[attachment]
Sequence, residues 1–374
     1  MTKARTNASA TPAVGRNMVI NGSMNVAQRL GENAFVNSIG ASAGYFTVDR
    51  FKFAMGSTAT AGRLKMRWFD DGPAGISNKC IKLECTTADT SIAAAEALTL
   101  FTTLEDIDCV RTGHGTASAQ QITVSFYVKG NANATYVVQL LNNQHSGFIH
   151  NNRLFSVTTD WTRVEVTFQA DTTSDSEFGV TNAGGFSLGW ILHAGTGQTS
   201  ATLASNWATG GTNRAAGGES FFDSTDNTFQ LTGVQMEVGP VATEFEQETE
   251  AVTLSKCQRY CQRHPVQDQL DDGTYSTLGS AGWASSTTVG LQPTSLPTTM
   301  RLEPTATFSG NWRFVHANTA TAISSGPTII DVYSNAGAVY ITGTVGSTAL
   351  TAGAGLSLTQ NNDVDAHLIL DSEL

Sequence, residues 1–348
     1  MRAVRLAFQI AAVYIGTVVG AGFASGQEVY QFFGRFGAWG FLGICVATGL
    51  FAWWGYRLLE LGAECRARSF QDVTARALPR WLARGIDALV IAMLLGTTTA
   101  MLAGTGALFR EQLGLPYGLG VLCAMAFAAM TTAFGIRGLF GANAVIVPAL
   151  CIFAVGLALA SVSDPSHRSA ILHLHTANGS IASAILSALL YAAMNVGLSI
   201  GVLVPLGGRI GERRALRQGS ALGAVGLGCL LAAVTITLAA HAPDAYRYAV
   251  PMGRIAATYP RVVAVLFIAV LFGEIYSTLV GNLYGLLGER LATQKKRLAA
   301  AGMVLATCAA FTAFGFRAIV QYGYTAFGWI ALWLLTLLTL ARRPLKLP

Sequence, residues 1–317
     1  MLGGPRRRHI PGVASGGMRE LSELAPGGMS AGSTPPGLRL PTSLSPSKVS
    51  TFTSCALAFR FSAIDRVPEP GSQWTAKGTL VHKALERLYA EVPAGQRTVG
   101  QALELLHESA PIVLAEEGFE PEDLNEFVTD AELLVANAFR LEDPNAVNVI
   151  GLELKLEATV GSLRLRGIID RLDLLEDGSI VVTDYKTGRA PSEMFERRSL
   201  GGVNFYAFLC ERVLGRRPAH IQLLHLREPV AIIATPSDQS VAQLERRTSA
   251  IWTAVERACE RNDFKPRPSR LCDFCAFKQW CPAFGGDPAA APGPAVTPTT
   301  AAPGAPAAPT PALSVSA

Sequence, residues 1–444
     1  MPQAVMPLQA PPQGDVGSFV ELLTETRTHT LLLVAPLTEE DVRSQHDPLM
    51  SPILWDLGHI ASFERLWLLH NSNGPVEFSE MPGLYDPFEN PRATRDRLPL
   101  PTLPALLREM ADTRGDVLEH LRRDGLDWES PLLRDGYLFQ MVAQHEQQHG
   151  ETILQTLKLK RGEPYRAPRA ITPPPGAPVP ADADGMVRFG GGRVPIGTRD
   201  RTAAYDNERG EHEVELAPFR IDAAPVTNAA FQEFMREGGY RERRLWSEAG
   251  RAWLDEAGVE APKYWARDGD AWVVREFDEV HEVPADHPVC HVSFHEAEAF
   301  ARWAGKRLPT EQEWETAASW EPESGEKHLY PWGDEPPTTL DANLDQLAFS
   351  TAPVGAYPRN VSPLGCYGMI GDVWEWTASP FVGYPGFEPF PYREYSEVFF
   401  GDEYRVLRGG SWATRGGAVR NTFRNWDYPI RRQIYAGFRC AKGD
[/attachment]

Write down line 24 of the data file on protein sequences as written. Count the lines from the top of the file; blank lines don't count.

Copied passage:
   251  IWTAVERACE RNDFKPRPSR LCDFCAFKQW CPAFGGDPAA APGPAVTPTT